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Madigan v. Levin: SCOTUS to Resolve Discrimination Circuit Split

By Robyn Hagan Cain on March 18, 2013 | Last updated on March 21, 2019

Age discrimination is heading back to the Supreme Court in the 2013 Term, and the challenge in question matriculated from the Seventh Circuit Court of Appeals.

Monday, the Supreme Court agreed to consider “whether state and local government employees may avoid the Federal Age Discrimination in Employment Act’s comprehensive remedial regime by bringing age discrimination claims directly under the Equal Protection Clause and 42 U.S.C. § 1983.”

The case, which the Seventh Circuit decided in August 2012, is Madigan v. Levin.

Harvey N. Levin worked as an Illinois Assistant Attorney General for almost six years. He was over 60 at the time of his termination.

Levin believes he was fired because of his age and gender, so he sued the State of Illinois, the Office of the Illinois Attorney General, Illinois Attorney General Lisa Madigan (in her individual and official capacities), and four additional Attorney General employees in their individual capacities.

The individual-capacity defendants argued at the district court level that they were entitled to qualified immunity for the §1983 age discrimination claim because the ADEA is the exclusive remedy for age discrimination claims. The district court disagreed. The Seventh Circuit Court of Appeals affirmed that decision on interlocutory appeal.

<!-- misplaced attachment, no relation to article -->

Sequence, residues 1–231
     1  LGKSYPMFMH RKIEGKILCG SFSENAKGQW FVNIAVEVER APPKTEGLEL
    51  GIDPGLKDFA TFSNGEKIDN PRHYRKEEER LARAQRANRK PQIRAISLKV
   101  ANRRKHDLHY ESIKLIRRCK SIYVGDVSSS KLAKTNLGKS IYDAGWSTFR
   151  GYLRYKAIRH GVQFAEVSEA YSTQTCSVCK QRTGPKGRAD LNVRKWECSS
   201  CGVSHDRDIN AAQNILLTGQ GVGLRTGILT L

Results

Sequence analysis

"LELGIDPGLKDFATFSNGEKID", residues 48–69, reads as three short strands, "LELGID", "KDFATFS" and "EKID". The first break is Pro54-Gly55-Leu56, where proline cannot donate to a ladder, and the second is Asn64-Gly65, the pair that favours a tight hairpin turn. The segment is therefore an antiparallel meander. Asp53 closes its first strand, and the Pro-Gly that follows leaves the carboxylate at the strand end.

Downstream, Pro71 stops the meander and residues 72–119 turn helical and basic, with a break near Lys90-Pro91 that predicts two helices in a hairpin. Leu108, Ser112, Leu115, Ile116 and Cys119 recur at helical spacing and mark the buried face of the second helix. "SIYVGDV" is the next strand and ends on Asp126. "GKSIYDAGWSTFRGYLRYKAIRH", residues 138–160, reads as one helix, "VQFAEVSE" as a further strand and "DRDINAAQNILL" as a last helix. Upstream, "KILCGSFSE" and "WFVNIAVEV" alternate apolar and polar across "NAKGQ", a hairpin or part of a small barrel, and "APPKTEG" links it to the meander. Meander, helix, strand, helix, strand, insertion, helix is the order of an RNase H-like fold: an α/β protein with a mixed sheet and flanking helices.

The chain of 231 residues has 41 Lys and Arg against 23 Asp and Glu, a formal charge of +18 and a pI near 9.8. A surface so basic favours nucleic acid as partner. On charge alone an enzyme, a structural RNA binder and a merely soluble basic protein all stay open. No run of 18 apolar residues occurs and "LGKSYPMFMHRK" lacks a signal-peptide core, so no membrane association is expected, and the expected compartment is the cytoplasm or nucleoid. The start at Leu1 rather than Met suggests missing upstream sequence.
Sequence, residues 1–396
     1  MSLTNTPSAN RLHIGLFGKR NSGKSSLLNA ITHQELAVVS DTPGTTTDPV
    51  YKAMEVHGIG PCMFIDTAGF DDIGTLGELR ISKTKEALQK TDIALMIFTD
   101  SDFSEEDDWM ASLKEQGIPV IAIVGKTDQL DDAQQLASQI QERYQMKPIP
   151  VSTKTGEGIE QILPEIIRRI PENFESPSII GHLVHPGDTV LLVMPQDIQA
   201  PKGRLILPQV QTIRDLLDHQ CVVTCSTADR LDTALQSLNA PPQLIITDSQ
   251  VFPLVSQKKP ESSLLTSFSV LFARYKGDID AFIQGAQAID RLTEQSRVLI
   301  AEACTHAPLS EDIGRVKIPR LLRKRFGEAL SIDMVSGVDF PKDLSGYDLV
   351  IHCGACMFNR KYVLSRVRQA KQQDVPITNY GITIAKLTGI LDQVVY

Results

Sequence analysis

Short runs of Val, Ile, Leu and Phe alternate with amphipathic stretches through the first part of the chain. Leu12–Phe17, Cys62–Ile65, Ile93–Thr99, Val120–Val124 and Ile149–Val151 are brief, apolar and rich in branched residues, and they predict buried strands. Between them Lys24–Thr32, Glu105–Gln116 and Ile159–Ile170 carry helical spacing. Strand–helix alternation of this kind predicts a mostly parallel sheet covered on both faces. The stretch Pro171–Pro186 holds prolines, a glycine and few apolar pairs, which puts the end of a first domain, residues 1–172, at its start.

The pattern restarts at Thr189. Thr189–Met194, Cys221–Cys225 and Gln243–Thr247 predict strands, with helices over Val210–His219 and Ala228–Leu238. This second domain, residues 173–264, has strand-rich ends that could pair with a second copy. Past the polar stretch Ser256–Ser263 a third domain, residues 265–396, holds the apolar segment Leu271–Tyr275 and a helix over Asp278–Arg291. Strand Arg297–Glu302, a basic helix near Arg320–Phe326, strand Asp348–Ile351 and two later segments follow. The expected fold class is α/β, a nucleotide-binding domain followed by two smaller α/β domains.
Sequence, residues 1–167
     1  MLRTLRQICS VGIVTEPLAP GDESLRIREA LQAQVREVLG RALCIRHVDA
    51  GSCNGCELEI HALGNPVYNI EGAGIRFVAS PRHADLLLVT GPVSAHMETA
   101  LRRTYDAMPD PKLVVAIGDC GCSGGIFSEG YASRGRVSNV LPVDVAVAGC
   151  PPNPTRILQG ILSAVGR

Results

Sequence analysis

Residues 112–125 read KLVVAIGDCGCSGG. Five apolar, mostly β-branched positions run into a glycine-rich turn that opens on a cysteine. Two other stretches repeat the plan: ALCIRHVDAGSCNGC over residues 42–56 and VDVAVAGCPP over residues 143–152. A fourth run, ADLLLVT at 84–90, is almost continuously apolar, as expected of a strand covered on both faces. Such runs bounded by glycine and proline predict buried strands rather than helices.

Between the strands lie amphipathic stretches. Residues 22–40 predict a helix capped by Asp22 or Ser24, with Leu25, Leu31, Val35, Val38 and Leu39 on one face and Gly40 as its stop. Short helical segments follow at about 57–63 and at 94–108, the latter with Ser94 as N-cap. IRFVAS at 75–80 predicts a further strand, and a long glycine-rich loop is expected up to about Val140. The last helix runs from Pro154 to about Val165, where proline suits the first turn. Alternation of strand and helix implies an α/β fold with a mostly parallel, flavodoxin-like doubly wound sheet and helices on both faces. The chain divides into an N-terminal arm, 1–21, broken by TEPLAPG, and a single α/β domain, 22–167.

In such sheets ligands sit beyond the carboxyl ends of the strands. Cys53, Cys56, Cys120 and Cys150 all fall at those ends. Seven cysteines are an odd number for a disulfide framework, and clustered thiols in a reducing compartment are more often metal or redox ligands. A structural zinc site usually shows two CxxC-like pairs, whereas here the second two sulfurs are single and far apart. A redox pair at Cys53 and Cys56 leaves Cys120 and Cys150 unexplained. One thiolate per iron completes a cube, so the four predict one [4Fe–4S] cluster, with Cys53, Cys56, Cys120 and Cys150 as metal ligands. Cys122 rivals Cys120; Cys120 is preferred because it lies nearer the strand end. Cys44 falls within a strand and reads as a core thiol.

The appellate court noted that the ADEA is not the exclusive remedy for age discrimination in employment claims, and does not preclude a §1983 equal protection claim. Although age is not a suspect classification, the Supreme Court has held that states may not discriminate on that basis if such discrimination is not "rationally related to a legitimate state interest." Since, at the time of the alleged wrongdoing, it was clearly established that age discrimination in employment violates the Equal Protection Clause, the Seventh Circuit concluded that the individual defendants were not entitled to qualified immunity.

The decision created a 4-1 circuit split.

Do you think the Supreme Court will side with the Seventh Circuit? Tell us why (or why not) on Facebook or Google+.

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